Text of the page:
There are 38000+ shapes and there are 100+ possible shades of color (you can roughly tell how old someone is by asking them what lego colors they remember from their youth).

In the following months, Mattheij built a proof-of-concept sorting system using, of course, LEGO. He broke the problem down into a series of sub-problems (including "feeding LEGO reliably from a hopper is surprisingly hard," one of those facts of nature that will stymie even the best system design). After tinkering with the prototype at length, he expanded the system to a surprisingly complex system of conveyer belts (powered by a home treadmill), various pieces of cabinetry, and "copious quantities of crazy glue."

Here's a video showing the current system running at low speed:

The key part of the system was running the bricks past a camera paired with a computer running a neural net-based image classifier. That allows the computer (when sufficiently trained on brick images) to recognize bricks and thus categorize them by color, shape, or other parameters. Remember that as bricks pass by, they can be in any orientation, can be dirty, can even be stuck to other pieces. So having a flexible software system is key to recognizing—in a fraction of a second—what a given brick is, in order to sort it out. When a match is found, a jet of compressed air pops the piece off the conveyer belt and into a waiting bin.

After much experimentation, Mattheij rewrote the software (several times in fact) to accomplish a variety of basic tasks. At its core, the system takes images from a webcam and feeds them to a neural network to do the classification. Of course, the neural net needs to be "trained" by showing it lots of images, and telling it what those images represent. Mattheij's breakthrough was allowing the machine to effectively train itself, with guidance: Running pieces through allows the system to take its own photos, make a guess, and build on that guess. As long as Mattheij corrects the incorrect guesses, he ends up with a decent (and self-reinforcing) corpus of training data. As the machine continues running, it can rack up more training, allowing it to recognize a broad variety of pieces on the fly.

Here's another video, focusing on how the pieces move on conveyer belts (running at slow speed so puny humans can follow). You can also see the air jets in action:

In an email interview, Mattheij told Mental Floss that the system currently sorts LEGO bricks into more than 50 categories. It can also be run in a color-sorting mode to bin the parts across 12 color groups. (Thus at present you'd likely do a two-pass sort on the bricks: once for shape, then a separate pass for color.) He continues to refine the system, with a focus on making its recognition abilities faster. At some point down the line, he plans to make the software portion open source. You're on your own as far as building conveyer belts, bins, and so forth.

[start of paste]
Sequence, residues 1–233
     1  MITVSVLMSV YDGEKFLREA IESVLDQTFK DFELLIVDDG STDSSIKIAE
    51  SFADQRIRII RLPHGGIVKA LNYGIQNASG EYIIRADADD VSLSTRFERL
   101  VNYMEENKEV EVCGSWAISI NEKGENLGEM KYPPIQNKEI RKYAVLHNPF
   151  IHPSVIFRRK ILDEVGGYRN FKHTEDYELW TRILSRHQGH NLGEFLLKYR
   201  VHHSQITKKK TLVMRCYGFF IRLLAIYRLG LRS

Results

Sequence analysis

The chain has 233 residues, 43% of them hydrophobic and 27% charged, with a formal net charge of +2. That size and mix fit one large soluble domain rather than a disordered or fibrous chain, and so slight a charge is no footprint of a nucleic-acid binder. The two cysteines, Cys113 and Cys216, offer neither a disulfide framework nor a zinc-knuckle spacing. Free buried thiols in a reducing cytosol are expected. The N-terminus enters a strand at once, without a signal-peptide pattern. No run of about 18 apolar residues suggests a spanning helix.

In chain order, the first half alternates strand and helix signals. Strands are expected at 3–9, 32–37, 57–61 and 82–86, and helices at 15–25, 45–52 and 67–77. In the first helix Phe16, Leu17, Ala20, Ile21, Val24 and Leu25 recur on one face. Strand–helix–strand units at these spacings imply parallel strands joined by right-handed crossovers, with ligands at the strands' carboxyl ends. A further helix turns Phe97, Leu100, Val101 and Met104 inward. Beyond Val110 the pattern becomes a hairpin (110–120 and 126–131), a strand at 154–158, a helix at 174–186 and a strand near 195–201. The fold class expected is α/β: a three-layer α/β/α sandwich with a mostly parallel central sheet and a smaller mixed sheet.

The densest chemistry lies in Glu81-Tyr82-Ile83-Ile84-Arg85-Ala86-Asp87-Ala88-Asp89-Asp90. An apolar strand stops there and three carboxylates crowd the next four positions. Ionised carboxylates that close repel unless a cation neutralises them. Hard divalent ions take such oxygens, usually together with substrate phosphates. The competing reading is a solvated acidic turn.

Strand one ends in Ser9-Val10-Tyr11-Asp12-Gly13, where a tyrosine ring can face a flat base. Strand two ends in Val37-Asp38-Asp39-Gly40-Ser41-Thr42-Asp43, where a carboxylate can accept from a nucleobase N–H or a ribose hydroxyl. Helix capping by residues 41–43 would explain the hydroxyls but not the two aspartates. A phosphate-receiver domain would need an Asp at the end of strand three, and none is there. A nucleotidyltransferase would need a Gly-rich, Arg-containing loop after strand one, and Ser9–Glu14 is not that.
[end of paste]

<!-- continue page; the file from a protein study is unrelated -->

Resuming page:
Check out Mattheij's writeup in two parts for more information. It starts with an overview of the story, followed up with a deep dive on the software. He's also tweeting about the project (among other things). And if you look around a bit, you'll find bulk LEGO brick auctions online—it's definitely a thing!

Original image
Nick Briggs/Comic Relief
entertainment
arrow
What Happened to Jamie and Aurelia From Love Actually?
May 26, 2017
Original image
Nick Briggs/Comic Relief

Fans of the romantic-comedy Love Actually recently got a bonus reunion in the form of Red Nose Day Actually, a short charity special that gave audiences a peek at where their favorite characters ended up almost 15 years later.

One of the most improbable pairings from the original film was between Jamie (Colin Firth) and Aurelia (Lúcia Moniz), who fell in love despite almost no shared vocabulary. Jamie is English, and Aurelia is Portuguese, and they know just enough of each other’s native tongues for Jamie to propose and Aurelia to accept.

A decade and a half on, they have both improved their knowledge of each other’s languages—if not perfectly, in Jamie’s case. But apparently, their love is much stronger than his grasp on Portuguese grammar, because they’ve got three bilingual kids and another on the way. (And still enjoy having important romantic moments in the car.)

In 2015, Love Actually script editor Emma Freud revealed via Twitter what happened between Karen and Harry (Emma Thompson and Alan Rickman, who passed away last year). Most of the other couples get happy endings in the short—even if Hugh Grant's character hasn't gotten any better at dancing.

[h/t TV Guide]

SECTIONS
BIG QUESTIONS
BIG QUESTIONS
WEATHER WATCH
BE THE CHANGE
JOB SECRETS
QUIZZES
WORLD WAR 1
SMART SHOPPING
STONES, BONES, & WRECKS
#TBT
THE PRESIDENTS
WORDS
RETROBITUARIES